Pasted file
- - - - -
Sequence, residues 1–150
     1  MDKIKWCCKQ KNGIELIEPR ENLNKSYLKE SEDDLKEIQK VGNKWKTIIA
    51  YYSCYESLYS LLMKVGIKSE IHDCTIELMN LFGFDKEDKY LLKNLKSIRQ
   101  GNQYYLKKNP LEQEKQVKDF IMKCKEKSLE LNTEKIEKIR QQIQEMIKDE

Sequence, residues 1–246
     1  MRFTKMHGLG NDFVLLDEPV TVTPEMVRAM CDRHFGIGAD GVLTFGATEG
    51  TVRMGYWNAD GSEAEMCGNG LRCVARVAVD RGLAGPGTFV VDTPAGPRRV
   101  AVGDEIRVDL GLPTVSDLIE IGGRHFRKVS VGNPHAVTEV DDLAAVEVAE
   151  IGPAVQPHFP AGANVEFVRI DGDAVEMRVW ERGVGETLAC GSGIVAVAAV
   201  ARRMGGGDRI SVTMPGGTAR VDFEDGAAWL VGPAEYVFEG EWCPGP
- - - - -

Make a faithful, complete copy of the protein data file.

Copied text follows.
Sequence, residues 1–150
     1  MDKIKWCCKQ KNGIELIEPR ENLNKSYLKE SEDDLKEIQK VGNKWKTIIA
    51  YYSCYESLYS LLMKVGIKSE IHDCTIELMN LFGFDKEDKY LLKNLKSIRQ
   101  GNQYYLKKNP LEQEKQVKDF IMKCKEKSLE LNTEKIEKIR QQIQEMIKDE

Sequence, residues 1–246
     1  MRFTKMHGLG NDFVLLDEPV TVTPEMVRAM CDRHFGIGAD GVLTFGATEG
    51  TVRMGYWNAD GSEAEMCGNG LRCVARVAVD RGLAGPGTFV VDTPAGPRRV
   101  AVGDEIRVDL GLPTVSDLIE IGGRHFRKVS VGNPHAVTEV DDLAAVEVAE
   151  IGPAVQPHFP AGANVEFVRI DGDAVEMRVW ERGVGETLAC GSGIVAVAAV
   201  ARRMGGGDRI SVTMPGGTAR VDFEDGAAWL VGPAEYVFEG EWCPGP